A quilt commemorating the 77 women who took part in the Easter Rising is to go on display in North Belfast as part of a community commemoration project.
The quilt consists of panels made up to represent each of the women involved in 1916, designed by 77 woman living in Dublin and involved in community groups.
The project was started as part of the renovation of Richmond Barracks – the military installation where the female rebels were taken after the surrender to British forces.
The barracks is to be made into an interpretive centre and the quilt project was formulated to ensure the community was given a leading role in the refurbishment.
Artist Marja Almqvist worked with historians Mary McAuliffe and Liz Gillis to deliver the project and she visited North Belfast last week to launch the exhibition.
She said everyone involved was delighted that the quilt would get to be seen beyond Dublin.
“In creating the quilt we wanted to look at how the women who took part in the Rising related to today with regards to what they were fighting for – not just the national question but equality issues, women’s rights and feminism,” she said. “We also wanted to look at how the equality agenda became sidetracked in the aftermath.
“So we took the 77 women who were put in Richmond Barracks after the Rising and each was adopted by a woman involved in our active citizen project. The women then researched their adopted participant and designed the panel for the quilt from what they learned.”
Some of the women involved in the project have been at the forefront of recent women’s rights issues in Dublin such as the ‘Right to Choose’ movement. Others are veterans of community work.
Marja said learning that a number of the volunteers were from outside Dublin enriched the project.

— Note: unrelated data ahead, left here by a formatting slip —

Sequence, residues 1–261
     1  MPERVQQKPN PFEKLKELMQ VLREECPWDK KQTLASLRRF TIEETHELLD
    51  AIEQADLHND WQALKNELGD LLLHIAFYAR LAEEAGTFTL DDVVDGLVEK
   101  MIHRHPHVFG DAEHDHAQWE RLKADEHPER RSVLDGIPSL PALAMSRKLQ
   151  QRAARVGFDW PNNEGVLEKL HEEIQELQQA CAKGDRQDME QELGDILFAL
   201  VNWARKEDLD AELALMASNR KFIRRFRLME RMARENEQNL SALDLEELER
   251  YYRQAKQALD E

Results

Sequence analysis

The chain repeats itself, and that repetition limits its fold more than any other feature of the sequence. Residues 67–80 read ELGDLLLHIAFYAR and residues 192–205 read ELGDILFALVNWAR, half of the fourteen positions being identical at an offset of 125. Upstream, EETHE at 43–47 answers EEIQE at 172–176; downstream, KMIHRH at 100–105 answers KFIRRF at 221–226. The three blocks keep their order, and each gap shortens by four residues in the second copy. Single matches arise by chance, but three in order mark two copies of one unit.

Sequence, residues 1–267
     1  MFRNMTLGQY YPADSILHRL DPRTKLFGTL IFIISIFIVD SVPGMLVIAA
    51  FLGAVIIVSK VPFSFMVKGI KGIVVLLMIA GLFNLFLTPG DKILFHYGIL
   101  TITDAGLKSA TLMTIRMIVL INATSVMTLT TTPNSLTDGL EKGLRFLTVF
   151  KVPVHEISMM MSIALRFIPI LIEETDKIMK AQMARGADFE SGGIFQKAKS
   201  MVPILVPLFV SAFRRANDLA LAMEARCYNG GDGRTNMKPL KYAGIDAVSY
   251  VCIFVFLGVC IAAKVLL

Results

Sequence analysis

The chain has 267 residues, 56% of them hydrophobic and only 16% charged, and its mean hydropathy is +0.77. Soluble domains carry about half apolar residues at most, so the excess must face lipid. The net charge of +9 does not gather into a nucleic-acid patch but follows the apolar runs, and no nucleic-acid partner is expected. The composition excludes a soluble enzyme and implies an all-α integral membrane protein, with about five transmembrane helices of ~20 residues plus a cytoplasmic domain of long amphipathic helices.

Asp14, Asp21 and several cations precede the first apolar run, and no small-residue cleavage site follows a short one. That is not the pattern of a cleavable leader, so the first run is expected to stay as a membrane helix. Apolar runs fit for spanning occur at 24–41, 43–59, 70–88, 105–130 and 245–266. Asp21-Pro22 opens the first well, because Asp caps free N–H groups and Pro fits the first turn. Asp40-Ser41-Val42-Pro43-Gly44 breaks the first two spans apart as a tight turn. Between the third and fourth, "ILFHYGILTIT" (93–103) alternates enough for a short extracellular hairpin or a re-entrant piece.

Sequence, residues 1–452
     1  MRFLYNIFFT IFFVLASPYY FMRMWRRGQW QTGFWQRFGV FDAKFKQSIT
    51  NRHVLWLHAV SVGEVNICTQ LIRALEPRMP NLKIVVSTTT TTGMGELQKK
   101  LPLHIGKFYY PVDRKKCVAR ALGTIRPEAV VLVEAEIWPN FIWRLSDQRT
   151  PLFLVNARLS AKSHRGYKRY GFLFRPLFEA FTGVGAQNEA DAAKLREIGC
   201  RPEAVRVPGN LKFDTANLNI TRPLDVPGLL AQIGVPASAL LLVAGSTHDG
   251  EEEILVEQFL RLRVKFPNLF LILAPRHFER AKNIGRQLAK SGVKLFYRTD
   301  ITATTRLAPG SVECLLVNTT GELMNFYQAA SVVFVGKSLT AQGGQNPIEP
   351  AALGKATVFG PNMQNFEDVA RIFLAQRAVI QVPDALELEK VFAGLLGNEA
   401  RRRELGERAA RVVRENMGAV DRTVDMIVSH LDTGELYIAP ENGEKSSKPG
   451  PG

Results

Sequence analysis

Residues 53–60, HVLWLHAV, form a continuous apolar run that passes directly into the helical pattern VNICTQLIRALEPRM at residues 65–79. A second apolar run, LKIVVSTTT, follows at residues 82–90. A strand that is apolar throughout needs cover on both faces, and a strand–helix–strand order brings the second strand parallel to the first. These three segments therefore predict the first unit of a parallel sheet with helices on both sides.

“Most of the women who took part in 1916 were Dublin-based but obviously you have people like Winifred Carney who was involved and it was great to find out more about her. There were also women from Mayo and Wexford so it was informative to learn about them.”
The chance to bring it to Belfast couldn’t be passed up, said Marja.
“When we found out the Duncairn Centre for Culture and Arts wanted to show the quilt we were delighted. We were so happy to find out how much Winifred Carney meant to the people here.”
The diversity of the women who were incarcerated at Richmond Barracks surprised the women when they began to research their back-stories.
“These 77 women are a snapshot of Ireland and even within those ranks there is incredible diversity, from the working class right up. All classes were reflected in the Rising. That difference is reflected in the quilt because the panels are all designed differently.”
The quilt will be on display in the Duncairn Centre for Culture and Arts until April 4, and Marja said it couldn’t be placed in a better position.
“It is fitting where it has been put up because it was first displayed in the Royal Hospital Kimainham under a stained glass window and now it is under this fantastic stained glass window here in the Duncairn, in pride of place.”
For more information visit www.theduncairn.com